Donald S. Bethune
IBM Almaden Research Center
"For the discovery and development of single-wall carbon nanotubes, which can behave like metals or semiconductors, can conduct electricity better than copper, can transmit heat better than diamond, and rank among the strongest materials known."
Dr. Bethune is a Research Staff Member at the IBM Almaden Research Center. He received his B.S. in Physics from Stanford University in 1970, and his Ph.D. in Physics from U.C. Berkeley in 1977 for research in nonlinear optics. He joined the IBM Watson Research Center, where he worked on laser spectroscopy, invented the 'Bethune dye cell,' and co-invented a nonlinear optical method for nanosecond recording of broadband infrared spectra. He moved to the IBM San Jose Research Laboratory in 1983, where he has worked on nonlinear optics, gas-surface interactions, and novel carbon materials such as C60, metallofullerenes, and single-wall nanotubes. He and his colleagues recorded the first Raman spectra of C60 and C70, and discovered that transition metals such as cobalt can catalyze the formation of single-wall carbon nanotubes. Recently he joined the quantum information group, and with colleague W.P. Risk, co-invented and built an autocompensating fiberoptic quantum cryptography system. They are currently developing methods for single photon detection, generation, and frequency conversion for use in systems for quantum information storage, transmission, and manipulation.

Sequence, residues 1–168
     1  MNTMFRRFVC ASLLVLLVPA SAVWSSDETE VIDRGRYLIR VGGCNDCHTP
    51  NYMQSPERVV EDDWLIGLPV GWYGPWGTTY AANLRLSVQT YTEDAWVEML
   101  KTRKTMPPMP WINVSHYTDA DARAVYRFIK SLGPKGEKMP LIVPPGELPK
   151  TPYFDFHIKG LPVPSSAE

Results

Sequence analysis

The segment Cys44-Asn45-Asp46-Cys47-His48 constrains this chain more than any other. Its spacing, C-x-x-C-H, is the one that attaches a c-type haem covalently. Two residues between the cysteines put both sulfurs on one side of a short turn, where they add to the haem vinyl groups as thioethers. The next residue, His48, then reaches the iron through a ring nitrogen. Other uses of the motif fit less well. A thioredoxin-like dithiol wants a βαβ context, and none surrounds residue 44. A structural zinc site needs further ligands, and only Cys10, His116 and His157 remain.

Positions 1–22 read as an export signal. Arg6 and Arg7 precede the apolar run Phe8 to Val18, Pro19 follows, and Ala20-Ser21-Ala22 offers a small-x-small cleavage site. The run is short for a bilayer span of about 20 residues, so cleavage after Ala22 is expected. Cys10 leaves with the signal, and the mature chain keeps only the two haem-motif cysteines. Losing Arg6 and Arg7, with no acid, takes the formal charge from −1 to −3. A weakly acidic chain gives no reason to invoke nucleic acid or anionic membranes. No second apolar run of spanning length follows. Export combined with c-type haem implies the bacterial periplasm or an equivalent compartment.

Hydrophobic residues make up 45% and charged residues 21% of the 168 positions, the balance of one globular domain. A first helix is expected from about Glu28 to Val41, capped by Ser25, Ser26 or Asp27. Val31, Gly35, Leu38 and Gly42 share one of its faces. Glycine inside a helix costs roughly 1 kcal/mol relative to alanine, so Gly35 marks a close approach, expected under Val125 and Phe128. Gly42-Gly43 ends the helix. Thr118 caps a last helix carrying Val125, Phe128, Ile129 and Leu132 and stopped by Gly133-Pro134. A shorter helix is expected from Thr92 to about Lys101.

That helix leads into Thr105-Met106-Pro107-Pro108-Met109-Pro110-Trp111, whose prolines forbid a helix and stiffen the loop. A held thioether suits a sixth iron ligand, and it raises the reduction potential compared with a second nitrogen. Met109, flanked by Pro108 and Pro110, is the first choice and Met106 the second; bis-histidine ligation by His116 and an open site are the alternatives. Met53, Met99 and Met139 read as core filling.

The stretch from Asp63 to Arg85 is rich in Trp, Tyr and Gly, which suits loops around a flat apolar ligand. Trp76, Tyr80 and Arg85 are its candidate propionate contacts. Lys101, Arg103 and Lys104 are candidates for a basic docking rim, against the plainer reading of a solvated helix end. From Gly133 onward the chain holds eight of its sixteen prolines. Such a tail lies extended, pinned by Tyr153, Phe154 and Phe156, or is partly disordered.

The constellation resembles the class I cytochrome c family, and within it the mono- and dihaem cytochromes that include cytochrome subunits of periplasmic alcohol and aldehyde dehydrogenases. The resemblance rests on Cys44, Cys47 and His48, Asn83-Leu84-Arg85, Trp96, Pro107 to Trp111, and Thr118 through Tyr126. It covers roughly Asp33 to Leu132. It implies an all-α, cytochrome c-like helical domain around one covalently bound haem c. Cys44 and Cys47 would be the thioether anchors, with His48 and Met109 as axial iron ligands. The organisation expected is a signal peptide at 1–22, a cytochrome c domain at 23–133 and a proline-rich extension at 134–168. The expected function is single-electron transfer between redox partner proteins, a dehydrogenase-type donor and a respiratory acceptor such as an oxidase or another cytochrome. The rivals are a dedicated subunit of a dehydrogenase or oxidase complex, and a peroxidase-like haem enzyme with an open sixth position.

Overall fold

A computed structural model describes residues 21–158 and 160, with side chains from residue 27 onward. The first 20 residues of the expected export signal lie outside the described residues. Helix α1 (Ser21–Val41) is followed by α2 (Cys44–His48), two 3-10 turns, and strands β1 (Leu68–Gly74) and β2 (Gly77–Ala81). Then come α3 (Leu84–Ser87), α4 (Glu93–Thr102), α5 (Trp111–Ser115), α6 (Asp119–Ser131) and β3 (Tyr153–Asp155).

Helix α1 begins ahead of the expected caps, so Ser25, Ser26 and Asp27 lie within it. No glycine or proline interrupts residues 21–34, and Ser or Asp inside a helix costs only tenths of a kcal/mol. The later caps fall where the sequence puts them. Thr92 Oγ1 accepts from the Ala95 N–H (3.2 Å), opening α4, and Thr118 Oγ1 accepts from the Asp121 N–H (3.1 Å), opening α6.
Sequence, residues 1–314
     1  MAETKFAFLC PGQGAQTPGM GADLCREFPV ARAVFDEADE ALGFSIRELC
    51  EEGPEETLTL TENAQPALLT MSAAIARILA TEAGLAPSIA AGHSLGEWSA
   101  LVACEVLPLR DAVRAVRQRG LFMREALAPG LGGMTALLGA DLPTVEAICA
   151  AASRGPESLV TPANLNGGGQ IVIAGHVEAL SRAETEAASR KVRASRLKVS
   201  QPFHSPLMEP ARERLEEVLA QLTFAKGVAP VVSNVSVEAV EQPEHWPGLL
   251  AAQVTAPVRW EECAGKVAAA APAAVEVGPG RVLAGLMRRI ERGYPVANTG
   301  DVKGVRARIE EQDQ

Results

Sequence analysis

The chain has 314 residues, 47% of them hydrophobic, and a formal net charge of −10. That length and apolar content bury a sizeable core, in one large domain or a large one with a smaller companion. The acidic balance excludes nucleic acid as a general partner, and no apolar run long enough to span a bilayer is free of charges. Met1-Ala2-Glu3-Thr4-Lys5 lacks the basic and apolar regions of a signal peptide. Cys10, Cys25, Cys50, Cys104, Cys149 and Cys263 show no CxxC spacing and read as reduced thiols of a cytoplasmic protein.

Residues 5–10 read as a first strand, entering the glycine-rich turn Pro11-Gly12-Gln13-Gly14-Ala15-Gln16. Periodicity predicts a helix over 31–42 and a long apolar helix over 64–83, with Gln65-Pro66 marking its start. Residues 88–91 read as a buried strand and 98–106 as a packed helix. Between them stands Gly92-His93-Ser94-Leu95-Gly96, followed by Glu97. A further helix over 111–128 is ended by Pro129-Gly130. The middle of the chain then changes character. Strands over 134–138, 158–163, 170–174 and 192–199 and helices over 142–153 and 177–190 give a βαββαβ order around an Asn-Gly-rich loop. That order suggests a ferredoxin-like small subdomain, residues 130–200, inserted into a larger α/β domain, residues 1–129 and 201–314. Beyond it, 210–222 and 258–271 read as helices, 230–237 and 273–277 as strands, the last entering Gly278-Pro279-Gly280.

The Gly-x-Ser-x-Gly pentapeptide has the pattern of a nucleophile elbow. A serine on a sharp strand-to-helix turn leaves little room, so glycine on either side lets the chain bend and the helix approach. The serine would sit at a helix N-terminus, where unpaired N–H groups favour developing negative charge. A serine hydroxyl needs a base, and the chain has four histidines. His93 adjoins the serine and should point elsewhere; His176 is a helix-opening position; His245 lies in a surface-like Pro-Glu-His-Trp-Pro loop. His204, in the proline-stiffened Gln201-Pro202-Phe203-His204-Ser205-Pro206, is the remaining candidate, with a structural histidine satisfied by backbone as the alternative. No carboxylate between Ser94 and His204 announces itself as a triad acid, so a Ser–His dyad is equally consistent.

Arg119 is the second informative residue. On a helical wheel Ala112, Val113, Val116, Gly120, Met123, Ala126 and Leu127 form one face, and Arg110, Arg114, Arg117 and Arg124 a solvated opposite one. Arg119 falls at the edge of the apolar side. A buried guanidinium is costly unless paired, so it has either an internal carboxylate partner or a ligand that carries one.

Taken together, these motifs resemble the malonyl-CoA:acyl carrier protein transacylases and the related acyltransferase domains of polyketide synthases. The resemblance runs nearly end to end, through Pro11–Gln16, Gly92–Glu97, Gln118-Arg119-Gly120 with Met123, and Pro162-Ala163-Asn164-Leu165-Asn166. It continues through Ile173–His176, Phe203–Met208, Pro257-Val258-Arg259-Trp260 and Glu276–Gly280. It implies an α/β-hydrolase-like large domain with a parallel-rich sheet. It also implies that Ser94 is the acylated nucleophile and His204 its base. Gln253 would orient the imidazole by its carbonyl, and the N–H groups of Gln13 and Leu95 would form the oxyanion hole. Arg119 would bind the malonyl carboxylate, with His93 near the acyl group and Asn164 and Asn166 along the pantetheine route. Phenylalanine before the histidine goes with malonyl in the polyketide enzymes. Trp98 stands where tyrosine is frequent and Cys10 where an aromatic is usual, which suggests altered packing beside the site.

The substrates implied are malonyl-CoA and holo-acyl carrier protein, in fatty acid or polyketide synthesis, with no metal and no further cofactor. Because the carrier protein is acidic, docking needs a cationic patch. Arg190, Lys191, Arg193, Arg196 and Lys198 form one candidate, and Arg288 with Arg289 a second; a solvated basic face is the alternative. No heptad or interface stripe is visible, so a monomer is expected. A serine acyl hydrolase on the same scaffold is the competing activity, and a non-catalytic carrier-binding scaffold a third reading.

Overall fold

Dr. Bethune is a member of the APS, the OSA, and the AAAS, and is an inventor on one pending and eight issued patents in the areas of optics, carbon materials and quantum cryptography.